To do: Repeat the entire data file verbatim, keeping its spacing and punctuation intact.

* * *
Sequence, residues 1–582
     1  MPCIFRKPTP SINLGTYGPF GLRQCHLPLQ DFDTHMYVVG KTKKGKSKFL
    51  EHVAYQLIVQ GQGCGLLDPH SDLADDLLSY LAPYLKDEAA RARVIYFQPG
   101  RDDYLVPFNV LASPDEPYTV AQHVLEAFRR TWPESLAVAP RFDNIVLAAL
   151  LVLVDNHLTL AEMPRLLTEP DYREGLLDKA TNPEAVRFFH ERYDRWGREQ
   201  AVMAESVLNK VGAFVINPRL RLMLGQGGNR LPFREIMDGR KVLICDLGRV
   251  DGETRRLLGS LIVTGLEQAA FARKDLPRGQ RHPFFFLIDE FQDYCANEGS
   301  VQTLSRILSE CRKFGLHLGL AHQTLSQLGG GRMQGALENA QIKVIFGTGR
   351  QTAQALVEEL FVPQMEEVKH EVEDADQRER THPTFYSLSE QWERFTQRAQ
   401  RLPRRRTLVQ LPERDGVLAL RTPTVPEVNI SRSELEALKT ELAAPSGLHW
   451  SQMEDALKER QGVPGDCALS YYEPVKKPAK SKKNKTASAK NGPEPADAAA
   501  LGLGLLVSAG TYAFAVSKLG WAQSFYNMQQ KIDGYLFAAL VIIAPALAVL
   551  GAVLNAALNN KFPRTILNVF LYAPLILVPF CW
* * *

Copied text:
Sequence, residues 1–582
     1  MPCIFRKPTP SINLGTYGPF GLRQCHLPLQ DFDTHMYVVG KTKKGKSKFL
    51  EHVAYQLIVQ GQGCGLLDPH SDLADDLLSY LAPYLKDEAA RARVIYFQPG
   101  RDDYLVPFNV LASPDEPYTV AQHVLEAFRR TWPESLAVAP RFDNIVLAAL
   151  LVLVDNHLTL AEMPRLLTEP DYREGLLDKA TNPEAVRFFH ERYDRWGREQ
   201  AVMAESVLNK VGAFVINPRL RLMLGQGGNR LPFREIMDGR KVLICDLGRV
   251  DGETRRLLGS LIVTGLEQAA FARKDLPRGQ RHPFFFLIDE FQDYCANEGS
   301  VQTLSRILSE CRKFGLHLGL AHQTLSQLGG GRMQGALENA QIKVIFGTGR
   351  QTAQALVEEL FVPQMEEVKH EVEDADQRER THPTFYSLSE QWERFTQRAQ
   401  RLPRRRTLVQ LPERDGVLAL RTPTVPEVNI SRSELEALKT ELAAPSGLHW
   451  SQMEDALKER QGVPGDCALS YYEPVKKPAK SKKNKTASAK NGPEPADAAA
   501  LGLGLLVSAG TYAFAVSKLG WAQSFYNMQQ KIDGYLFAAL VIIAPALAVL
   551  GAVLNAALNN KFPRTILNVF LYAPLILVPF CW